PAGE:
Camping, glamping, caravanning

Highlights from the Caravan Club National, Cornbury Park

I got the chance to relive a piece of my childhood over the Spring Bank Holiday by attending the Caravan Club National at Cornbury Park in Oxfordshire.

Cornbury Park grounds

 

I went to my first National with my parents in the 90s and attended several over the years. It was always an exciting holiday full of sports tournaments, arena events and entertainment, all set in the grounds of a stately home.

It’s difficult to describe the scale of a National, but it’s like a small temporary town of caravans with a central hub of shops, an arena and marquees.  I’ve been to Nationals when there were about 5,000 caravans and motorhomes from as far away as Cornwall and the Scottish Highlands. It’s a significant event in the caravanning calendar.

So, more than 20 years after I first experienced this mammoth gathering with my folks, here I was doing it all again with my own family.

Tin Box Tot eating an ice-cream

I would be lying if I said it was just the same as it’s always been. The Caravan Club has changed the event’s focus from being about the regional Centres into more of a commercial weekend designed to attract non-rallying members. Prices have gone up, the number of people attending has gone down – there were about 1,500 this year – and there’s less focus on the inter-Centre competitions that used to keep us in sports kit and cheering at the pitches all weekend.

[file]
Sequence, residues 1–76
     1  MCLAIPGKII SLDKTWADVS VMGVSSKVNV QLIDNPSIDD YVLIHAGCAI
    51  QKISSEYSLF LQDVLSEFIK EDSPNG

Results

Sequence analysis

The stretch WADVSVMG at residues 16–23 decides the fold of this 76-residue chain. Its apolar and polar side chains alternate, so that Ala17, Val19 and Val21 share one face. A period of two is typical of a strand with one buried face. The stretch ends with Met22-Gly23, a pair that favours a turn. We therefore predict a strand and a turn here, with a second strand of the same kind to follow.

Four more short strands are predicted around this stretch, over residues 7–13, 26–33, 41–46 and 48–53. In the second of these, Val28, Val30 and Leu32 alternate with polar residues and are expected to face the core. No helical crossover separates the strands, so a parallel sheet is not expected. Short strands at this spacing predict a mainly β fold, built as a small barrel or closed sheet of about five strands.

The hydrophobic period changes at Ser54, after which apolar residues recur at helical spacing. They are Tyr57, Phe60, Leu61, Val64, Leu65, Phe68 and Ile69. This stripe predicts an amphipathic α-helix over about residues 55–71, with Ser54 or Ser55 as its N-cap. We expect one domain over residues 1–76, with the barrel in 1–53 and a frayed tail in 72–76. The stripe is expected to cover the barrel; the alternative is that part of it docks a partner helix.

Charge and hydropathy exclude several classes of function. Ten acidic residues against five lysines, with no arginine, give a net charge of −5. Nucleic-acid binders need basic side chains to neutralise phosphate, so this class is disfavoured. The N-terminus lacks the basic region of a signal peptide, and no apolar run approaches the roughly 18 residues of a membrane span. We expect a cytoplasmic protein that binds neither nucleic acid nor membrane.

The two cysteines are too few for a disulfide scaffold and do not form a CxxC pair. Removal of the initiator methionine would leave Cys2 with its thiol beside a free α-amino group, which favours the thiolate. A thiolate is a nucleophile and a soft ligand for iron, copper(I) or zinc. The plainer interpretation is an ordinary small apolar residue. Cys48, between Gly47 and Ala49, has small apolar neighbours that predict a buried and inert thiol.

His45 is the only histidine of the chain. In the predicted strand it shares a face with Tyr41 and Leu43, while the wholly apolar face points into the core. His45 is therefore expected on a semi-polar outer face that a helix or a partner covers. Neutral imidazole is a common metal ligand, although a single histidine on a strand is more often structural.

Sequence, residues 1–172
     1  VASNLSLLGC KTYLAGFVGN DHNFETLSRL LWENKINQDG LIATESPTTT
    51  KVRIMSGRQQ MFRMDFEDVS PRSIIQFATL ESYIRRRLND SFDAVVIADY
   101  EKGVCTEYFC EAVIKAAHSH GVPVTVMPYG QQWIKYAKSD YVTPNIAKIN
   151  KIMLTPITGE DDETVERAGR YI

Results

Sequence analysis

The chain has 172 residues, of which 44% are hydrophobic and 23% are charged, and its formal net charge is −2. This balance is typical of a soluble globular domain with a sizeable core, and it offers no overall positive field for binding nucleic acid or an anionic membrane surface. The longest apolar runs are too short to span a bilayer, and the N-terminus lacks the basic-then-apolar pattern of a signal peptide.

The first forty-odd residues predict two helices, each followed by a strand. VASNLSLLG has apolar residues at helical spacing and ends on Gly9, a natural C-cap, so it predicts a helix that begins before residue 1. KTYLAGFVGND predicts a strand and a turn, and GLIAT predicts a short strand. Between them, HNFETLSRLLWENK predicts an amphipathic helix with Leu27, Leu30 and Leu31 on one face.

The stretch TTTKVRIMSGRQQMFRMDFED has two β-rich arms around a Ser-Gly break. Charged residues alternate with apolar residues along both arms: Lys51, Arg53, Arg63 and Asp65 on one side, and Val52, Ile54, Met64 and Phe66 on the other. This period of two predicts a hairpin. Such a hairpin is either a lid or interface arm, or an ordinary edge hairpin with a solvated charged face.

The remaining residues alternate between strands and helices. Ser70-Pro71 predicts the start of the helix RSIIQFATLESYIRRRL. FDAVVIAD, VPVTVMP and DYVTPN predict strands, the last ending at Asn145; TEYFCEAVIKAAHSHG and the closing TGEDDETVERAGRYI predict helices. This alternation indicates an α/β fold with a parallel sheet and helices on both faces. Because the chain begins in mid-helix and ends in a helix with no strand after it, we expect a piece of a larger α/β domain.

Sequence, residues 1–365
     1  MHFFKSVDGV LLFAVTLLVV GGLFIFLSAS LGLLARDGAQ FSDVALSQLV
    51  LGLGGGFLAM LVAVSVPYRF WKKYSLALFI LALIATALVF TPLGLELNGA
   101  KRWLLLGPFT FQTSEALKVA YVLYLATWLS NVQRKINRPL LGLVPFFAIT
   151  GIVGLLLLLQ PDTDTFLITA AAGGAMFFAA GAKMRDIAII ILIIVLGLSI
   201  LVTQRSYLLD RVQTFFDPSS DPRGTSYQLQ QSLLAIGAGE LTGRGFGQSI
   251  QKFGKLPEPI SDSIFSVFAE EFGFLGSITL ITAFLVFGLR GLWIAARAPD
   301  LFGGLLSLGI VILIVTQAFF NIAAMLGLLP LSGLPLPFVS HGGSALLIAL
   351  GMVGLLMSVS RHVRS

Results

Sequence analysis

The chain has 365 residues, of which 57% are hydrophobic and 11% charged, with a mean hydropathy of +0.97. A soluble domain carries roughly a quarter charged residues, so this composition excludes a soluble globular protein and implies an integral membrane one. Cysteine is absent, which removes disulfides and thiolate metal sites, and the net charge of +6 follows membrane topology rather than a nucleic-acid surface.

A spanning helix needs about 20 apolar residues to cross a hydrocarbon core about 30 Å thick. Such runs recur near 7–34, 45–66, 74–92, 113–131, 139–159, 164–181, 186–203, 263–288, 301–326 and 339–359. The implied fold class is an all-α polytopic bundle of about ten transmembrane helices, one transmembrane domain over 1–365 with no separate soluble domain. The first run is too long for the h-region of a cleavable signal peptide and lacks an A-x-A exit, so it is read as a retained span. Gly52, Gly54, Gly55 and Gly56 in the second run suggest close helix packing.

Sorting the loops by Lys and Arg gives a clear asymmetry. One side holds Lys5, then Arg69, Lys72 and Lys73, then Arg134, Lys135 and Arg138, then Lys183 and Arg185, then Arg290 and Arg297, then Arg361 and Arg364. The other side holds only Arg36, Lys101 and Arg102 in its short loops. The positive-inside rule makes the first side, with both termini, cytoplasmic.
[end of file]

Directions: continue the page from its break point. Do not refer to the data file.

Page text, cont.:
However, the National still has a lot going for it. Here are our highlights from the event:

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The venue

Cornbury Park was originally a royal hunting lodge and still has 1,700 acres of the most ancient forest in Britain. Deer and peacocks roam freely around the estate and there’s a beautiful lake you can walk around. Cornbury was a gorgeous setting for this year’s event.

Tin Box Tot in a field with caravans in the background
Cornbury Park lake

The MayDay Zone

With less sports competitions for families than when I was a teenager, the MayDay Zone kids club has really taken off. Tin Box Tot had a great time doing crafts, jumping on the bouncy castles and attempting to play crazy golf. There was also a climbing wall, cookery and a Wii for the older children and teens.

The MayDay Zone

Arena displays

The National is a bit like a county show when it comes to arena displays with a programme of interesting things to see. We particularly liked the falconer Michael Davie and One Man and His Dog-style duck herding by The Quack Pack. Children were invited into the arena to take part in both displays. There was also a performance by the IMPS Motorcycle Display team who have featured in the Royal Tournament and Edinburgh Military Tattoo.

The Quack Pack
The IMPS

Services

You have to be a regular camper or caravanner to appreiciate this, but The Caravan Club has really got the hang of providing great service points on temporary sites. Mr Tin Box raved about how quickly he could fill an Aquaroll from the service point taps. Rubbish was also collected daily, which far surpasses our fortnightly collections at home.

We had a lot of fun at this year’s National and it was interesting to see how it compared to my childhood memories. Next year the event is being held in Cheshire, which is a bit of a trek for us, but I’m sure we’ll attend another National sometime in the future.

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